Folks:
We got back yesterday afternoon from our 6-day trip to the Ruby Mountains (NV).
We noted fridge temp. (and setting) and battery level while traveling. We used an "Acurite" wireless thermometer to measure temp. in the fridge. Our TV is a 2008 Toyota 4Runner (V6), our 2015 Escape 17B has the 4.3 cu. ft. fridge and we have a solar panel (150W) and dual 6V batteries. Data was collected at convenient stopping places, so the time intervals are not consistent. Results were:
Salt Lake to Thomas Cyn. CG (6/26)
Elapsed Time Fridge Setting Fridge Temp. Battery V
start 5 bars 40 degrees 13.7 V
1-35 4 bars 40 degrees 13.7 V
1-35 5 bars 40 degrees 13.1 V
1-20 5 bars 42 degrees 13.2 V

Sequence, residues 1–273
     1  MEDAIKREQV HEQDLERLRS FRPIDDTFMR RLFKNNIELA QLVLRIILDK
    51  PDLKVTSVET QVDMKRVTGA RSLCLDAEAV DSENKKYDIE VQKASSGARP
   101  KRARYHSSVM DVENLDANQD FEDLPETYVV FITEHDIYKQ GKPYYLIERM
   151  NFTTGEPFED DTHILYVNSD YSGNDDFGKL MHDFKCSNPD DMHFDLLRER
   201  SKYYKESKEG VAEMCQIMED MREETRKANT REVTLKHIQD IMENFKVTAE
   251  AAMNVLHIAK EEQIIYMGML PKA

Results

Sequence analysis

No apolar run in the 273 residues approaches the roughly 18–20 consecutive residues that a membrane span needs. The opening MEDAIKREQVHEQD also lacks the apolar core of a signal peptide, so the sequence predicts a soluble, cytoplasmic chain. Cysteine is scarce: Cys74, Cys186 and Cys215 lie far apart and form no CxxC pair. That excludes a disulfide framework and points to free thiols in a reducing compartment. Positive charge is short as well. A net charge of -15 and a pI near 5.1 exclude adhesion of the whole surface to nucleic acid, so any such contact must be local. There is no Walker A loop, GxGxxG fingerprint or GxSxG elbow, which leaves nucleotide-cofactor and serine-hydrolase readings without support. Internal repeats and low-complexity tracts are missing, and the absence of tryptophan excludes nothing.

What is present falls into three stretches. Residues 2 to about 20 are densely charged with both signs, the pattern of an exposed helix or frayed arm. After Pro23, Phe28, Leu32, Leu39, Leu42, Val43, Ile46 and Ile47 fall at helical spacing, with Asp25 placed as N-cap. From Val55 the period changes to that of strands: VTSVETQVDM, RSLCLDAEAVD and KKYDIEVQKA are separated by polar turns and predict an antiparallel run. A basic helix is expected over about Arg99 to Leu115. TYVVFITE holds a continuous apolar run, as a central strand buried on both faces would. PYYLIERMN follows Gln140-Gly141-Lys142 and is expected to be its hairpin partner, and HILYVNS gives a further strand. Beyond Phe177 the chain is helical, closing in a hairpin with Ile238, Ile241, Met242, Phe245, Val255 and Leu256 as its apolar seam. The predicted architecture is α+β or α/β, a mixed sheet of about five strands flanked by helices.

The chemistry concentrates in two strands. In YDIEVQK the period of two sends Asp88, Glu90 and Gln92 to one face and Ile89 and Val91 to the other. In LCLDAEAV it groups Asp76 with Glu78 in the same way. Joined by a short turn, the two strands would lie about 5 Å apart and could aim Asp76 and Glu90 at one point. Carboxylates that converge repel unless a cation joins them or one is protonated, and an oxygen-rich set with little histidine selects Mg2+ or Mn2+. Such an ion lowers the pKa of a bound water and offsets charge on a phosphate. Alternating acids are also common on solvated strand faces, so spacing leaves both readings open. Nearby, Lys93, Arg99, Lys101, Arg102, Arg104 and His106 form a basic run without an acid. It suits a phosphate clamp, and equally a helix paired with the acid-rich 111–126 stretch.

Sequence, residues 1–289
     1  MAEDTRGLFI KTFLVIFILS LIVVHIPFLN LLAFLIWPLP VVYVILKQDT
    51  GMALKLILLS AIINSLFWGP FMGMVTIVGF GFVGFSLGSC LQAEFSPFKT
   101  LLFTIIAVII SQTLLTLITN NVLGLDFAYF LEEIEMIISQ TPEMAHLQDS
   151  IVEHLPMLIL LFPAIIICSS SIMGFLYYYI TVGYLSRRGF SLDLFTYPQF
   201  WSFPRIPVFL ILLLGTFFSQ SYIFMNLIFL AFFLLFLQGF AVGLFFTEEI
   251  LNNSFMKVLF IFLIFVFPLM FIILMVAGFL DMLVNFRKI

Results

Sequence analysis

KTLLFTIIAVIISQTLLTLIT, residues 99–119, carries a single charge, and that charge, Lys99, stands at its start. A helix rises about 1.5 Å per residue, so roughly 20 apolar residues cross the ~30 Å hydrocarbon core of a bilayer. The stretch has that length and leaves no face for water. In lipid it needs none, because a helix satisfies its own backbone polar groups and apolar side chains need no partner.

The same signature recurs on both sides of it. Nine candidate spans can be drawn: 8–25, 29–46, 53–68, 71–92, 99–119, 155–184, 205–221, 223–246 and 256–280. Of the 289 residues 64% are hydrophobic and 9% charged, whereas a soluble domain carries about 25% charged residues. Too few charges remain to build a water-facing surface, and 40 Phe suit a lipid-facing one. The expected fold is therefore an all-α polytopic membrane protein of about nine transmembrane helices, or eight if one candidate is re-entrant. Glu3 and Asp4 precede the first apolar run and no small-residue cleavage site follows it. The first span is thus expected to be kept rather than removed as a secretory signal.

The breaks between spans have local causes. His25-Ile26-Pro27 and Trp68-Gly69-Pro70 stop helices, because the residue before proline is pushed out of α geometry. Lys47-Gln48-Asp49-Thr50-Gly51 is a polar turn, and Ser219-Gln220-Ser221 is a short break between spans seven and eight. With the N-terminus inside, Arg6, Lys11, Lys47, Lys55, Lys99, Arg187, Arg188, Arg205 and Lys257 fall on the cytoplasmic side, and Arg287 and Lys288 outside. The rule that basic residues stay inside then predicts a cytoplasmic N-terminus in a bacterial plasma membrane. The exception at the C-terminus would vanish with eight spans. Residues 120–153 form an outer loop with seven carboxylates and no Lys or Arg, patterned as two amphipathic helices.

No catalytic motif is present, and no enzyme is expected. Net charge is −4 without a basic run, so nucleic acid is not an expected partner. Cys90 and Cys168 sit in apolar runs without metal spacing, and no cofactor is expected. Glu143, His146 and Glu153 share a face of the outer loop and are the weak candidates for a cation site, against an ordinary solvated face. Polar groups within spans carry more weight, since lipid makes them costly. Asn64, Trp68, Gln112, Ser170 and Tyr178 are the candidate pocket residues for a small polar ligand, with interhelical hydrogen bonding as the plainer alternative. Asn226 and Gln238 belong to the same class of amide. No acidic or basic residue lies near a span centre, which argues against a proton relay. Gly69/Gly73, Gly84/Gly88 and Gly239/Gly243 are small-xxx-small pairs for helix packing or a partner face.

2-20 5 bars 43 degrees 12.8 V
The last measurement was after a lunch stop, the fridge was left on 12V (and connected to the TV) during this time. Outside temp. ranged from 72 to 85.

Thomas Cyn. CG to Salt Lake (7/01)
start 4 bars 38 degrees 14.4 V
2-45 4 bars 33 degrees 13.0 V
1-15 4 bars 38 degrees 13.2 V
3-37 4 bars 42 degrees 12.7 V
Outside temp. ranged from 68 to 88.
Conclusions:
1. Our system (4Runner, dual 6V batteries and solar panel would seem to allow driving at least 6-7 hours on 12V without depleting the batteries unduly (given the conditions we experienced). Our trip was in clear weather driving from Salt Lake to Elko, so probably optimum conditions for solar.
2. Having the fridge well cooled to start with is key--we plugged it in to 120V two days (5 bars) before the start of our trip and it was at 40 when we started. After running on propane for five days (4 bars), the fridge was cooler (38) and interestingly initially got even colder running on 12V (33).

I hope this information will be of interest to other forum members. Lamoille Canyon (and the Ruby Mtns. are spectacular and we enjoyed some great hiking!

Dave